Much has been made of Mitt Romney's wealth in this election. I have no beef with someone being wildly wealthy, depending, of course, on how they made it. An invention broker, for example, who makes millions of dollars by deceiving small inventors and wanna-be inventors, is not to be lauded for his "success in the capitalist system" as some Republicans would have you think. Such folks are basically crooks, albeit barely within the confines of the law. And similarly, one has to ask pointed questions as to how Mr. Romney came into his money, particularly given the concerns about the antics of Bain Capital, a company he owns 100% of the stock of, but claims no memory of how it was ran. And then there are the tax returns and off-shore accounts.
And of course, more than that, I think it is hard for someone making $22 Million a YEAR to claim to be able to connect with Joe Paycheck and Johnny Lunchbucket, who might hope to save half of one of those millions over a lifetime of backbreaking hard work. No, I don't think Mr. Romney connects with the little man, and the little man is deceived if he believes that. Deceived by paid political ads on television, of course. Yet another good reason to not watch television - or a good reason to spend political silly-season in Canada. Boy, those provincial elections are controversial! And the attack ads! Oh, wait....
But many on the Left, and many poor people, perceive wealth itself as an evil thing, and will quote (or misquote) Bible verse to make their point. In their mind, the desire for wealth is bad, and therefor anyone who tries to get ahead in the world is inherently evil or "greedy" whatever that means. And not surprisingly, people who have this sort of view are inevitably poor.
To some extent, it may be an example of bootstrapping poor financial decisions. When you are poor, it is comforting, to some extent, to think of yourself as morally superior to those rich folks. At least you are poor and honest! But that is a booby-prize if there ever was one. And the evidence of this is that those same said poor people who decry wealth are the same ones buying lottery tickets and/or praying for wealth to come to them. Neither technique works very well, of course.
Our generation - the 401(k) generation - cannot afford to have such childish views about money and wealth. We will have to fund our own retirement, which means taking an entrepreneurial view of money and thinking of it in terms of wealth, not something to be spent on a new iPhone or a leased car. We are not being coddled like the generation before us, who suckled at the teat of corporate largesse, and relied on defined-benefit pensions to make the payments on our retirement Grand Marquis.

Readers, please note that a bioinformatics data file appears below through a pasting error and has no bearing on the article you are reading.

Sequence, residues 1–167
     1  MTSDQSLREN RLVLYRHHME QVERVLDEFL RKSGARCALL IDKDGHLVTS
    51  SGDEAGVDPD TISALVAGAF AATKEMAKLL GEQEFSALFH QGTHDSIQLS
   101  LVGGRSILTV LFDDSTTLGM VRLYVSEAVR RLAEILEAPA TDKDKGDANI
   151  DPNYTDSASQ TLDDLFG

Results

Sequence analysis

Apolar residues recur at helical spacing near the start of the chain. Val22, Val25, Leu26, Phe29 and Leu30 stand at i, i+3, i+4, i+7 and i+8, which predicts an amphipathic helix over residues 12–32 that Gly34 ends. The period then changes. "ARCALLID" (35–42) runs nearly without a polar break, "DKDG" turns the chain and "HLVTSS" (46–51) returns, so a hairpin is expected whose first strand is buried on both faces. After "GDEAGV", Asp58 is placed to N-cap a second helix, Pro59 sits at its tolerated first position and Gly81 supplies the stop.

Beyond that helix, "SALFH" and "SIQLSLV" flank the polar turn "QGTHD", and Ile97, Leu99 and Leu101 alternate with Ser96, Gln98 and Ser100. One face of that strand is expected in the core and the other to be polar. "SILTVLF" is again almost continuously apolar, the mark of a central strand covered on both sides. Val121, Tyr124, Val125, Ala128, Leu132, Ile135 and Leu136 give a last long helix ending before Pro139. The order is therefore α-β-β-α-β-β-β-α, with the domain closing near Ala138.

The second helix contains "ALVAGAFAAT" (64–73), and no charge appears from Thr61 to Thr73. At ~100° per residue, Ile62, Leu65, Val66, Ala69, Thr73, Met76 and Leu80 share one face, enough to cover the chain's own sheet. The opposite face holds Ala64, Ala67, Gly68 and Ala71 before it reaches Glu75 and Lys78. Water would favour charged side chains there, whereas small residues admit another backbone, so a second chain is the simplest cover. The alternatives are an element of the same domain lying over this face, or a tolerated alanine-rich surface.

And of course, that generation, thanks to companies like Bain Capital, are finding out that those defined-benefit pension promises can be negated in a bankruptcy court, after management has run the company into the ground - sometimes on purpose. I have a friend with a pension from J.C. Penny who is doing the nail-biting thing right now, wondering whether the company will survive them, or whether their retirement income may be slashed by 40%. And by the way, 40% is a lot.
So, it is high time we stopped thinking of "Wealth" as something that is bad or evil or worse yet - something that only other people have. As I have illustrated here again and again, if you want to have an even average income in retirement, you will need to put aside about a million dollars. Using the 4% rule, that would yield about $40,000 a year (which is not a lot) and when combined with Social Security (which Mitt Romney promises to put a "needs test" on) might bring you up to about the median household income of $51,000 a year in America.
And if that number scares you - particularly when you might barely have $100,000 in your 401(k), well, it should. Retirement, even for those of us who saved will be a scary thing, as even saving a million dollars will not assure you a cushy retirement of golfing, living in Florida, and traveling the world.
And that, in short is why I started this blog. I realized I was burning through money, not saving it, and moreover, spending a lot on "things" which were preventing me from having experiences. We bought a house on a lake connected to the Erie Canal, with the idea of exploring the canal by boat. Six years later, we never took that canal trip - the cost and labor of owning the home prevented us from having the time or the money. Now, we can afford to go.
And by cutting expenses, I am "practicing for retirement" by learning to live on less - far less - than I did in the past. I could comfortably live, today, on that $51,000 annual income. But in the past, I would have needed twice that amount just to pay all the bills. I chose bling and things over building up wealth - personal wealth.
Few of us will ever be as wealthy as Mormons, but we can at least try to improve our personal situation the best we can. And one way is to stop thinking of wealth as evil, but as something that is value-neutral, and moreover necessary in order to survive on this planet. You have to build up an estate - you have no choice. Well, the other choice is to live in poverty and be dependent on others - including an unsteady government - for promises of income.